By the end of the 19th century Glasgow School of Art was one of the leading art academies in Europe and after early success in the fine arts, the late 1890s saw Glasgow’s reputation in architecture and the decorative arts reach an all time high. At the very heart of this success was a talented young architect and designer, Charles Rennie Mackintosh whose reputation was to quickly spread beyond his native city and who, over a century later, is still regarded as the father of Glasgow Style.

An endlessly fascinating man who created work with a very distinctive voice, Mackintosh emerged from the Arts and Crafts period as an urban architect who became progressively less interested in its rural aesthetic and increasingly inspired by the progressive art movements of Germany and Austria. Despite the disappointments of his later years, his early and mid-career work in Glasgow much of which is still in use today has sealed his reputation as one of the most important architects and designers of the turn of the 20th century.

Combining a progressive modernity with the spirit of romanticism, the Scottish architect and designer created many of the best loved and most influential buildings, furniture and decorative schemes of the early 20th century.

Few designers can claim to have created a unique and individual style that is so instantly recognisable.

Charles Rennie Mackintosh designed schools, offices, churches, tearooms and homes, an interior designer and decorator, an exhibition designer, a designer of furniture, metalwork, textiles and stained glass and, in his latter years, a watercolourist.

Excelling in all these areas, Mackintosh left hundreds of designs and a rich volume of realised work. His distinctive style mixed together elements of the Scottish vernacular and the English Arts and Crafts tradition with the forms of Art Nouveau and a drive to be modern.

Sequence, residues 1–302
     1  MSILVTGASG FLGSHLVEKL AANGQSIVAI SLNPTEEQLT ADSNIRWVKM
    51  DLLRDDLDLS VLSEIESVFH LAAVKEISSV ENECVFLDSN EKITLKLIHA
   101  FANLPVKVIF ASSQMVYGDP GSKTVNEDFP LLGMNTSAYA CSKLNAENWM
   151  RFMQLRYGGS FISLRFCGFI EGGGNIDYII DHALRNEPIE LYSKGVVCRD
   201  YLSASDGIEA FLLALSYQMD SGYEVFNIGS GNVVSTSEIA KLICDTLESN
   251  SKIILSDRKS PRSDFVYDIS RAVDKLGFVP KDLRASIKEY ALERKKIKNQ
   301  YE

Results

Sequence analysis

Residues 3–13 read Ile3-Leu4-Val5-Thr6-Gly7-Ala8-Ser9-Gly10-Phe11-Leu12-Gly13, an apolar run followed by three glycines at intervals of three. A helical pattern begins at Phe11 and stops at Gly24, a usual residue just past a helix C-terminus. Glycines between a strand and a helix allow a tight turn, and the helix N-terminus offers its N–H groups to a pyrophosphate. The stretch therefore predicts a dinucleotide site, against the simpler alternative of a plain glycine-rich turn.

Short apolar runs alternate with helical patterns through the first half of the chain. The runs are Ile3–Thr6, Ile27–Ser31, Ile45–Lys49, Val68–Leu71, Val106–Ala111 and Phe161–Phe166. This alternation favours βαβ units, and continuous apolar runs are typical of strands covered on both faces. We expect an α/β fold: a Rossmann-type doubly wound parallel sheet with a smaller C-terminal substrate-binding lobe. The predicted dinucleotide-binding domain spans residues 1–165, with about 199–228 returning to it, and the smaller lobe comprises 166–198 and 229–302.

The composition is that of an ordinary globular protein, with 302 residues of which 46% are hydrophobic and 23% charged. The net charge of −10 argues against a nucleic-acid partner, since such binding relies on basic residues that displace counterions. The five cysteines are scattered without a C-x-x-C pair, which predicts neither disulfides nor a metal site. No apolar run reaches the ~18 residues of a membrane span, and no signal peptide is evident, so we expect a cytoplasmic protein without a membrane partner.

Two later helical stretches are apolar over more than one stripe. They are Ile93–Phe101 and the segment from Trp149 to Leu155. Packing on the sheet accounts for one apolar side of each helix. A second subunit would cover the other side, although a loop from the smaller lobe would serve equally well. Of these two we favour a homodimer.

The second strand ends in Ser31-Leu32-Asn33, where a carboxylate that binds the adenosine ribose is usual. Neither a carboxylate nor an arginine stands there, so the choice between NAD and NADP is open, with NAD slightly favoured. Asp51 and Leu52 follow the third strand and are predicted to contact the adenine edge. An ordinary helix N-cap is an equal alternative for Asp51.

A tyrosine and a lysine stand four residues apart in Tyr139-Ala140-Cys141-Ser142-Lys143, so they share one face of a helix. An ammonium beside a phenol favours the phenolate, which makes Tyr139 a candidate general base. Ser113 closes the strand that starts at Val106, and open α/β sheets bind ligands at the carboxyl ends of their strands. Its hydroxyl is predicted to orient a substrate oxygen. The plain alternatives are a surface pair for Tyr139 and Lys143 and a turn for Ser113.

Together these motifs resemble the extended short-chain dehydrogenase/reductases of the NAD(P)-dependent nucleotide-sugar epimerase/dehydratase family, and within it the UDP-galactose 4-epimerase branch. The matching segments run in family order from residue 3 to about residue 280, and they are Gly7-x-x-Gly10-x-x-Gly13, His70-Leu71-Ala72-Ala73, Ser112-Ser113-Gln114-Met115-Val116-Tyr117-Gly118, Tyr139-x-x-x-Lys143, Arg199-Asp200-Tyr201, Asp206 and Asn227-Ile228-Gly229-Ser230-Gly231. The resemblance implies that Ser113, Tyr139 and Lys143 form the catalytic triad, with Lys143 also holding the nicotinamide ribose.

As his work matured Mackintosh employed bolder geometric forms in place of organic-inspired symbolic decoration.

Charles Rennie Mackintosh’s work can be divided into three main areas: public buildings, private homes and tea rooms. The Glasgow tea rooms he designed in the early 1900s are perhaps his most unique contribution in which art, architecture and design came together in a complete environment.

These light, elegant and sophisticated interiors were an enormous contrast to the gritty, smoky urban city of Glasgow where he was born, trained and lived for most of his adult life. Glasgow is where the majority of his work was executed and Mackintosh’s career paralleled the city’s economic boom. By the end of the 19th century Glasgow was a wealthy, burgeoning European city with an immense network of trade and manufacture that supplied the world with coal and ships. It was also a rich source of commissions for a gifted young architect and designer.

One of eleven children, Mackintosh was born in 1868 to Margaret and William Mackintosh, a clerk in the police force. He grew up in Glasgow and from the age of nine attended the Allan Glen’s Institution, a private school for the children of tradesmen and artisans, which specialised in vocational training.

Typically recognisable design

Typically recognisable design

At fifteen Mackintosh began evening classes at Glasgow School of Art and a year later, in 1884, he began a five-year pupilage with the Glasgow architects John Hutchins. In 1889 he joined the more eminent firm of Honeyman & Keppie, where he received a traditional Beaux Arts training typical of the period.

Mackintosh was extremely fortunate to work throughout his career with clients such as Walter Blackie, who allowed him to have complete control over a project. However his most supportive client and most generous and constant patron was Miss Catherine Cranston, who owned and ran a chain of Glasgow tea rooms. At the time Glasgow tea rooms were unique as places where people of different classes could meet friends, relax and enjoy non-alcoholic refreshments in a variety of spaces within the same building. At a time when the temperance movement was increasingly popular, tea rooms like Miss Cranston’s played an important role in Glasgow life.

In 1923 he moved to southern France where he spent the last five years of his life before dying in London.

1928 Dies in London of cancer of the tongue